Three Orbital ATK Cygnus spacecraft are to play a major role in understanding the threat of a fire onboard a vehicle in space. The Saffire (Spacecraft Fire Safety Demonstration Project) objectives will be conducted at the conclusion to the ORB-5, 6 and 7 mission, ahead of the spacecraft ending their flights in their own fire of a destructive re-entry.
An onboard fire is one of the obvious threats to spacecraft, with the International Space Station (ISS) well-versed in procedures to protect its crew in the event of such a scenario occurring.
The worst-case scenario would result in the crew evacuating to the two docked Soyuz spacecraft, which also serve the role of lifeboats during their docked phase, prior to returning safely to Earth.
Recent studies have confirmed the fire safety requirements for long-term exploration missions require additional investigation.
Spacecraft fire safety technologies have been identified as “enabling” for some exploration missions, “enhancing” for others, according to NASA scientists.
Preventing a fire occurring in the first place is the first step, but understanding one’s foe is also a primary aim of the Cygnus vehicles that will host the Saffire experiment.
Cygnus spacecraft are expendable, designed to conduct their resupply runs prior to unberthing and ending their missions with a destructive re-entry. The period between their departure from the Station and the death plunge back into Earth’s atmosphere provides a window of opportunity for science.
The Russian Progress resupply vehicle – also designed to be expendable – has been utilized for science opportunities on numerous occasions, sometimes spending weeks on orbit prior to the fiery farewell. Similar objectives have been conducted on other expendable resupply vehicles.
Three Cygnus spacecraft will host the Saffire experiment package, ready to be initiated during the final hours of the spacecraft’s lifetime.
Cygnus will return to flight following the loss of the CRS-3/ORB-3 spacecraft when her Antares rocket failed seconds after launch from the Wallops pad. The first mission will involve the hitching of a ride on the ULA Atlas V on December 3, known as the OA-4 (CRS-4) flight.
This mission will debut the enhanced Cygnus with a longer Pressurized Cargo Module (PCM) and lightweight solar arrays.
Cygnus will enjoy a second ride on the Atlas V early next year, ORB-5/CRS-5, prior to returning to Antares in her upgraded variant for ORB-6. The ORB-5, 6 and 7 Cygnus spacecraft will all host the Saffire experiment package.
The box of tricks, embedded into the pressurized module of the Cygnus, will investigate the spread of fires in microgravity, while also developing technologies for fire suppression, combustion products monitoring, and post fire clean-up.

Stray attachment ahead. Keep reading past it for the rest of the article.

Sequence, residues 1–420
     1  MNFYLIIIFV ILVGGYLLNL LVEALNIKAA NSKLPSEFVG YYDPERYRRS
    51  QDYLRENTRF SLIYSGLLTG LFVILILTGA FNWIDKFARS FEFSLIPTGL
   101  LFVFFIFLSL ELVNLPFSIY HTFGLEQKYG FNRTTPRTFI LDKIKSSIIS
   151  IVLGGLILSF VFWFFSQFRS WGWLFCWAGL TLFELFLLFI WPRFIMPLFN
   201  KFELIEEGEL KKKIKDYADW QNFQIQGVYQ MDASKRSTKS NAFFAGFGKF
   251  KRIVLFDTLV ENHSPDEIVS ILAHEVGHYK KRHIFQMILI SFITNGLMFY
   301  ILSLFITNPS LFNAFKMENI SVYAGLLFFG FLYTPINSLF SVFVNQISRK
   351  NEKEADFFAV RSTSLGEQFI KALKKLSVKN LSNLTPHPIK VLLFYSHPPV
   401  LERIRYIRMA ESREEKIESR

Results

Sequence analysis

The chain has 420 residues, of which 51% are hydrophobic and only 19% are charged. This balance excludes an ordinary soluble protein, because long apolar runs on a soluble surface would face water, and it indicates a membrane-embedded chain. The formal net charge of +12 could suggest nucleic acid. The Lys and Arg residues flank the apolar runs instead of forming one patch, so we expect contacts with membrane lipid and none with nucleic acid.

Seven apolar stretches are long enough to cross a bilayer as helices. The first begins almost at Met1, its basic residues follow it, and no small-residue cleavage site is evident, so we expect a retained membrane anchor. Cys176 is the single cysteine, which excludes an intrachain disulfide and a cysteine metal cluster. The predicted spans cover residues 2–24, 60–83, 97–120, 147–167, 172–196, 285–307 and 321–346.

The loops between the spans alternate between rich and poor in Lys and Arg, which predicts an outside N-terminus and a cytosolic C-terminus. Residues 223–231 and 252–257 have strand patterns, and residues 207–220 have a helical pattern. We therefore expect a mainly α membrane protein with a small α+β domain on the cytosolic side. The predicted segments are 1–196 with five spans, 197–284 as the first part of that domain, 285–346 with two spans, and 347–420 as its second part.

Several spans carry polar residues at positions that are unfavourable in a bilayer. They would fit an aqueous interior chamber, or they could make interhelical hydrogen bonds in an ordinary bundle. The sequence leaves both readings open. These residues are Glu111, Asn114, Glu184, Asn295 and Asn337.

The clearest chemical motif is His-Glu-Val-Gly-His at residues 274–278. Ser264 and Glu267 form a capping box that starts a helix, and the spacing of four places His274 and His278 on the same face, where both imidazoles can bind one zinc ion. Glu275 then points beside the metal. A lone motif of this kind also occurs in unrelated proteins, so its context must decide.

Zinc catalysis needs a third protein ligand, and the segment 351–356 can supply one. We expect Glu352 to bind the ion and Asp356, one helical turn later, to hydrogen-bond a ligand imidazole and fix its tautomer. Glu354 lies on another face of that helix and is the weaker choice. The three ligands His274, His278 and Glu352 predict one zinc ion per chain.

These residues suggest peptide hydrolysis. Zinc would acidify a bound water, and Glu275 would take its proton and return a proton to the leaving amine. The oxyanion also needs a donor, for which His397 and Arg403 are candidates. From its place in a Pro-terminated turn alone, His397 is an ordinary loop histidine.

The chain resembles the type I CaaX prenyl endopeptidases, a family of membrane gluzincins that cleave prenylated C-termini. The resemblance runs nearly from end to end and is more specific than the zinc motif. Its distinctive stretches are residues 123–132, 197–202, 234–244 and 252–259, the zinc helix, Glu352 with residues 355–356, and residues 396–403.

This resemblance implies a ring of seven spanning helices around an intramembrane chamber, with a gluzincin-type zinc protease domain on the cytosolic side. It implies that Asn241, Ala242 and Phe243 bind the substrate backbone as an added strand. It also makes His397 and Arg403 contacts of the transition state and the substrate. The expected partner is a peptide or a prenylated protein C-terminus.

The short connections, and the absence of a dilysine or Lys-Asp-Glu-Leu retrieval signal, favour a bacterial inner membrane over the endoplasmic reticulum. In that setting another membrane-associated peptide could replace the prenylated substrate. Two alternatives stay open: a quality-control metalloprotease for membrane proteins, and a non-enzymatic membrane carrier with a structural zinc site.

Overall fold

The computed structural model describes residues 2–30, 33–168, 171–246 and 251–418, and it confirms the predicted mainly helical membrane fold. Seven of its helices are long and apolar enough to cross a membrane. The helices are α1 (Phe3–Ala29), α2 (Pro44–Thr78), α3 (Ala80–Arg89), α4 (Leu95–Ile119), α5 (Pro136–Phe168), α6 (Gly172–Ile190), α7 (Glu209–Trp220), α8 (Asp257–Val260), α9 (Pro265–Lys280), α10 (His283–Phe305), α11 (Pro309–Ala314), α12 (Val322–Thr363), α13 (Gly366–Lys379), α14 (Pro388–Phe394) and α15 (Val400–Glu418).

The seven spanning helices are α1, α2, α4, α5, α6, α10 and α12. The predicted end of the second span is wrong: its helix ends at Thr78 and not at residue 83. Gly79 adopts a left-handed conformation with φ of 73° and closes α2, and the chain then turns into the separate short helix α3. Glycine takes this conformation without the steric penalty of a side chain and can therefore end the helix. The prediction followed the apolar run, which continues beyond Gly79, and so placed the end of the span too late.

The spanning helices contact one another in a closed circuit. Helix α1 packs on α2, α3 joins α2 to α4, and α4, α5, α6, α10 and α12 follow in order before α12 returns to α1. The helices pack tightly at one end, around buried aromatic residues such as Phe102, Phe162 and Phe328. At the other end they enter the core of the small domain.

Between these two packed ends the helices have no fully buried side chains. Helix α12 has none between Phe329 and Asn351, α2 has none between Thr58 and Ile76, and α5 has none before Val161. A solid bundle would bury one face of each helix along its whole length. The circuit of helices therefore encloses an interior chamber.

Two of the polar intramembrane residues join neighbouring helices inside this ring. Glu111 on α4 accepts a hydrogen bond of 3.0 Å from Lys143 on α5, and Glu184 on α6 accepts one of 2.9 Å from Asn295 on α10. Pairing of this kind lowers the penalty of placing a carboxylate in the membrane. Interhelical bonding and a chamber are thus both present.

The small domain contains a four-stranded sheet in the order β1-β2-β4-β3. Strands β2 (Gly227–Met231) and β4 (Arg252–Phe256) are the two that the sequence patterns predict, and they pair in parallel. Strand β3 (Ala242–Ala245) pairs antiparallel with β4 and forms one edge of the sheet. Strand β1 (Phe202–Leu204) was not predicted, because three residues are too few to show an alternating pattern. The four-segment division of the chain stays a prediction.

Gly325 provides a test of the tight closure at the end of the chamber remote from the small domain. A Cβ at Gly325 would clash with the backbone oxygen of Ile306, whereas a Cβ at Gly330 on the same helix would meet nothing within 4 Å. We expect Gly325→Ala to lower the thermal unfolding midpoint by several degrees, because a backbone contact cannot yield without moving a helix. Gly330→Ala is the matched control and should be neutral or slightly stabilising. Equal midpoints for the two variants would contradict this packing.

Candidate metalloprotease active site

The data will aid the understanding of the development and growth of a realistic fire for future exploration vehicles and determine low-g flammability limits for spacecraft materials.
The three missions will provide a collection of data points. Saffire-I, riding on ORB-5, will assess the flame spread of large-scale microgravity fire.
Saffire-II, flying on ORB-6, will verify oxygen flammability limits in low gravity, while Saffire-III, flying on ORB-7, will provide similar simulation to Saffire-I, but with a different air flow employed.
Data obtained from the experiment will be used to validate modeling of spacecraft fire response scenarios and evaluate NASA’s normal-gravity material flammability screening test for low-gravity conditions.
The data will also help address both the “no ignition” and “no flame spread” criteria involved in passing standard material flammability testing. This will further flesh out data on the materials that can pass the “NASA-STD-6001 Test 1” – where the ignition energy is not sufficient to start the flame spread process.
The question to be answered is if a material passes NASA Test 1 on the ground, will it pass the test in microgravity. How fire reacts in micro-g, on certain materials, is required information.
The test – initiated by ground controllers and with Cygnus in free drift – will run for a maximum of six minutes, within a window of 2.5 hours, monitored by thermocouples (six total shared by all nine samples), a Radiometer (two sides) and a Camera (front view). The primary test to assess material flammability will be to monitor “Upward Flame Propagation.”
Following a downselect on the materials to be tested, engineers opted for the use of Nomex (HT90-40) with PMMA promoter (1 sample), SIBAL cloth (2 samples at the same flow rates as Saffire 1 & 3), Silicone (3 thicknesses for concurrent spread and 1 thickness for opposed spread) and PMMA – which will be 10mm thick.
They will be inside an experiment structure that will provide protection against accidental ignition while Cygnus is doing her business in supplying the Station. It will remain inside the Cygnus at all times.
The experiment results will be downlinked to NASA Glenn engineers embedded at Orbital ATK’s control center and passed on to the participating scientists during a final pass over ground stations, in good time ahead of Cygnus conducting her destructive re-entry.
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